Beacon Rock

13 05 2008

We had hoped to go to the coast this last weekend but the weather gods didn’t cooperate.  It was a lazy day on Saturday.  When we explored our options on Sunday we decided to head inland.


We decided to take the SOF for it’s second voyage and Karen would be in my Romany.  We put in around 12:45 at the launch by Beacon Rock.  Weather was in the high 50’s, low 60’s, winds were west about 6-10 mph.  As soon as we launched the current surprised me.  I am not stable, nor comfortable in the SOF.   I’ve decided that until I have a reliable roll in this boat I won’t be comfortable in dynamic water.  I actually had to work to make sure I had a proper ferry angle to get to Pierce Island!  I felt like a newbie in a looksha!

We paddled up the North side of Pierce and Ives Island and found a terrific eddy in which to practice entering & exiting current & eddy turns.  I’d guess the current was moving about 4 knots through this channel.  Karen made fabulous improvements in technique and also in comfort level.  She compared me to Matt Serra, the coach on the UFC ultimate fighting championship series.  I didn’t know how to take it – Was it because I was screaming high-pitched instructions or because I was actually helping??!!  She let me paddle my Romany for a few go-arounds in the eddy since I didn’t feel comfortable in the SOF.  

We made our way back to the put-in and practiced rolls for probably close to an hour.  Karen is looking very solid!  We did c to c, sweep, butterfly, shotgun, attempted forward ending and norsaq rolls, and finally called it a day. 

I managed to roll the SOF twice, though not comfortably.  I fear this may mean skinning, modifying the coaming and re-skinning.  I’m going to have an experienced SOF paddler try it first…



5 05 2008

Small fish in a big pond

We spent yesterday at OOPTIKS, the Oregon Ocean Paddling Traditional Inuit Kayak Symposium in Skomokawa Washington, an event put on by our local paddling club, OOPS.  What a fun event!  I usually carry a greenland stick on my boat as a spare paddle but really haven’t used it too much.  I’ve built a skin on frame boat so I need to figure out how to use the stick since no self respecting SOF paddler would be caught using a hunk of carbon fiber for a paddle!

The weather gods cooperated with highs in the mid 60’s, sunny and a NW wind less than 10 knots The club did a great job putting this event together for 25 or 30 lucky attendee’s.  Some of the top traditional instructors in the NW were there to help us learn how to make these toothpicks work for us.  Tim Mattson, Henry Romer, Marcel Rodriguez, Don Beale, and the list goes on!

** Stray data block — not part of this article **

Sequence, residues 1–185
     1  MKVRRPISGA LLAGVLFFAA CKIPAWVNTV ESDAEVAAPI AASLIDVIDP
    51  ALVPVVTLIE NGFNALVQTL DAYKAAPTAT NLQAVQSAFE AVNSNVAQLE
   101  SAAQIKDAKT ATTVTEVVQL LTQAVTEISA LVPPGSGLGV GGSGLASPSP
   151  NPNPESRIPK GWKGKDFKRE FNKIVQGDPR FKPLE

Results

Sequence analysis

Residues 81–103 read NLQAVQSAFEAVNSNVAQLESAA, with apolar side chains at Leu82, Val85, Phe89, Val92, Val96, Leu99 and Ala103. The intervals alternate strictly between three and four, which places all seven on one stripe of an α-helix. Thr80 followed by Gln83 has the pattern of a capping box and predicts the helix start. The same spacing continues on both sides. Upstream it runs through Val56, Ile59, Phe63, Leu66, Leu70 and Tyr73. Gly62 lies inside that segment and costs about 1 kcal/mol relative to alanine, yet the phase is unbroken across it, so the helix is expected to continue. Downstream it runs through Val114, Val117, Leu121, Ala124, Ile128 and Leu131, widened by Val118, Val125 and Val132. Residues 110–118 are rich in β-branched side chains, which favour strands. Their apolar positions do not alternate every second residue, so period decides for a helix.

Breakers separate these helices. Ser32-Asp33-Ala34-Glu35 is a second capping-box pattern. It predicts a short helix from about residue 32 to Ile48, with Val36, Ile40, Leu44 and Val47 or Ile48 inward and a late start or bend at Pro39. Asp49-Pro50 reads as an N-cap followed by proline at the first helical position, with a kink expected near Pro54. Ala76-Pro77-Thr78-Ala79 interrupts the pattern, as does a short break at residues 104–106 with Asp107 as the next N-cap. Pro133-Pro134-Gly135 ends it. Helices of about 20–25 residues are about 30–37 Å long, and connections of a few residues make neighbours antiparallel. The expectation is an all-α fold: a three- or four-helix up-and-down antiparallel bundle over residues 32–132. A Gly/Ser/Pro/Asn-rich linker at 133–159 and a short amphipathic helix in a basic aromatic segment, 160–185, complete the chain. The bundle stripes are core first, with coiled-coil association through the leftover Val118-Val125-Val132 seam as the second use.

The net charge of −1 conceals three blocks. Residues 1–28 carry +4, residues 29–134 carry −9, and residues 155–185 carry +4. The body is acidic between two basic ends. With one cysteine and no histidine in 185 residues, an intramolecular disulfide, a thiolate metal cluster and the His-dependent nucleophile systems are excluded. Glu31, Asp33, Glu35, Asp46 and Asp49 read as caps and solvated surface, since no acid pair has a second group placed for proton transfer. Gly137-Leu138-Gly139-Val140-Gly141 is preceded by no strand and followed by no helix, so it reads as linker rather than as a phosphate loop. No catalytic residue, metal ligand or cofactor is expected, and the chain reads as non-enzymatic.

We were split up into small groups of similarly skilled  & experienced paddlers based on a short “assessment”  and spent the morning session working on strokes & maneuvers, everything from an efficient forward stroke, to proper bracing.  Just before lunch there was a demonstration of Harpoon throwing as a teaser to an afternoon session where we could try it for ourselves.  Lets just say, all the seals were very safe that day!

After lunch we divided up into groups based on desired activity, anything from rolling to deadfish polo or harpooning.  I chose to spend all afternoon working on rolling.  I have a very effective and consistent C-to-C roll, which is not the most effective roll with the greenland stick.  I managed to improve my ugly sweep roll, consistently do the butterfly roll, and consistently blow the shotgun roll!  Oh well, lots to work on!  I felt like I was much more comfortable in a skulling brace as well.  All-in-all, a fun afternoon of getting wet.

Karen continues to impress me!  She was hitting her sweep, shotgun, and butterfly rolls, and rumor has it, actually did a norsaq roll!  All this after hitting her first roll only a couple months ago.

Fun times were had by all!

Hammersley Inlet

21 04 2008

No, these were not all our group’s boats! A group form the Mountaineers was also putting in at the same time. We put in at Walker County Park at about 10:30. Max ebb was 3.2 kt. at 10:55 so little paddling effort was required to make decent speed.

At Cape Horn I took one inexperienced paddler down the south side past the swirly water then ferried back to the north side. We played in the current for a little while, but it wasn’t too interesting unless a powerboat came flying through.

We continued on to Hope Island & paddled down the east side to a lunch spot at the SE corner. We had a relaxed lunch & took a walk around the campsites & caretaker’s cabin, practiced a few rolls, then headed back to Hammersley.

Max flood was 2.9 kt. at 4:30.  The group didn’t seem too interested in playing in the eddies on the way back, though a few of us played around in each one as we made our way back to the park.  We took out around 4:30 PM.

The weather was fairly cooperative. We had a high of 44f, with 5 – 10kt. west winds, periods of sun, periods of showers, and a couple hail showers thrown in for good measure!

Big lesson learned – I won’t do a trip with this many participants again! We had eleven paddlers in our group. I like to paddle & play, not necessarily herd cats, which is what it felt like at times. It’s one thing to take a large group on a flat water paddle, quite another have to bypass eddylines, or cut play-time short to keep the group together!

Nestucca Bay

14 04 2008

lounging seals

We paddled from the launch at Bob Straub Park down to the the point where Nestucca Bay meets the Pacific. Unfortunately, (though it was cool to see), there were about 50 or 60 seals hauled out at the point.  Despite our best efforts to pass without disturbing them, we couldn’t get by.  If we went any further than this along our shoreline they would begin to get agitated, so alas, we gave up, sat down and had lunch & took a walk on the beach on our side of the mouth.  I need to remember to come at a higher tide next time so those pesky seals won’t be blocking the surf!